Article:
Deposition of Peyton Drew, Clerk of Virginia General Court
Judgment by Peter Randolph
Court Summons of Susanna Clay
Verdict of the Jury
Claiming descent from a female Indian imported into Virginia and illegally enslaved, Rachel sued Thomas Clay, of Powhatan County, for her freedom. In May 1773, the court ruled that Rachel and her family were free, but before she won her suit her master sold her to John Draper, of Wythe County, where she lived in slavery for forty years.
In June 1813 when Rachel was in her sixties, she learned of the 1773 ruling and sued Draper. Her legal counsel faced the difficult task of convincing twelve white men that a sixty-year-old African American woman should be free. Because no African American could testify against a white person, Rachel’s lawyers had to rely on testimony from elderly white people who could not make the long trip from Powhatan County to Wythe County and who had not seen Rachel in forty years.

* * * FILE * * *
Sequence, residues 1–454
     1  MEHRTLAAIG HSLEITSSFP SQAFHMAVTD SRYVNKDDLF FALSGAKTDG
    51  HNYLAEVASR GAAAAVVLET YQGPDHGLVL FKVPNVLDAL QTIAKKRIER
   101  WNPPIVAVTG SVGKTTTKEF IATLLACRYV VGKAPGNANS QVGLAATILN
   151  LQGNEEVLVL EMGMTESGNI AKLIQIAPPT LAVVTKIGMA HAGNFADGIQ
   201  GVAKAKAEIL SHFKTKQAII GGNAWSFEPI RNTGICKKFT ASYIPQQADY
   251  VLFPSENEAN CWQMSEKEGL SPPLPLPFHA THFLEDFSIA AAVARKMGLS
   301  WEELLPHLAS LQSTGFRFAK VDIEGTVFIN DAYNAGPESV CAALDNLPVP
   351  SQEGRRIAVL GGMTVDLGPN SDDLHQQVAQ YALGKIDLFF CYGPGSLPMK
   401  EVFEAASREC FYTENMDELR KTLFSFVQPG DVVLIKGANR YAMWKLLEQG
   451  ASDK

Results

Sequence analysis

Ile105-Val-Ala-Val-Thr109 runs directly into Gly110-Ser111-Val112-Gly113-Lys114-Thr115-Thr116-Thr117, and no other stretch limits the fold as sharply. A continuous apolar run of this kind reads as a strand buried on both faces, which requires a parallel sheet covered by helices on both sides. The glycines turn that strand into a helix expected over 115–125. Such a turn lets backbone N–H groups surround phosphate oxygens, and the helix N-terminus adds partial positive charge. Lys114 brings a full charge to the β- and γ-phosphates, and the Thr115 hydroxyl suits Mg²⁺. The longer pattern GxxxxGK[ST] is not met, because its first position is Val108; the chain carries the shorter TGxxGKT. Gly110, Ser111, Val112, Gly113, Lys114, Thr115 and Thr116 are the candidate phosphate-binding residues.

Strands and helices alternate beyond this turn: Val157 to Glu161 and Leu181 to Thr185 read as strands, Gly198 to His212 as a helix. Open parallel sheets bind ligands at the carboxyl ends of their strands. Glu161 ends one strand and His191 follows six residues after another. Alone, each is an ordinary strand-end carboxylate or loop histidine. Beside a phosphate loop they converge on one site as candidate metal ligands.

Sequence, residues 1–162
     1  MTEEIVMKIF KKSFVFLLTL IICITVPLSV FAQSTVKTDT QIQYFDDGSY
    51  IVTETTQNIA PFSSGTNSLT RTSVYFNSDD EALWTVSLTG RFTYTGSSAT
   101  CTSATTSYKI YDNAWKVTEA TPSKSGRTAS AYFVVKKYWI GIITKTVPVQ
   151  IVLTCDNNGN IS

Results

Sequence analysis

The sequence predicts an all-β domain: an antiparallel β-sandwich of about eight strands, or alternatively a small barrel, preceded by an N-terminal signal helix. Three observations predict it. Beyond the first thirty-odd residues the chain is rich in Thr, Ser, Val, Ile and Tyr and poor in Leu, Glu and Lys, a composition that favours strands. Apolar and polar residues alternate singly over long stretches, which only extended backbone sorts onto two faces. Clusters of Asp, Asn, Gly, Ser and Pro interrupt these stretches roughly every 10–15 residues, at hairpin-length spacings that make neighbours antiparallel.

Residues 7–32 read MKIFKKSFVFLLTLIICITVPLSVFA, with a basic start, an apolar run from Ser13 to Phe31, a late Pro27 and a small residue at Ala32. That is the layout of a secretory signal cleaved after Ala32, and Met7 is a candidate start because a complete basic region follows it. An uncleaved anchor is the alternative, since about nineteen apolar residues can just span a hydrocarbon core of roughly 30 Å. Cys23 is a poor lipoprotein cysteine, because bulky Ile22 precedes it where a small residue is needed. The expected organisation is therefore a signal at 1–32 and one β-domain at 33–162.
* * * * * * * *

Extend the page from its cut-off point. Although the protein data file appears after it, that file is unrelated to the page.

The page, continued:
Rachel's attorneys eventually succeeded in having the case transferred to Powhatan County in 1816, but not until May 1820 did a jury, having heard three days of testimony, reach its verdict: “We of the Jury find that the plaintiff is free and not a slave, and we do assess her damages to one penny.” Forty-seven years after she first won her freedom, Rachel won her freedom again. More importantly, the liberties of her children and grandchildren had also been assured, if courts where they lived learned of and followed the verdict in Powhatan County.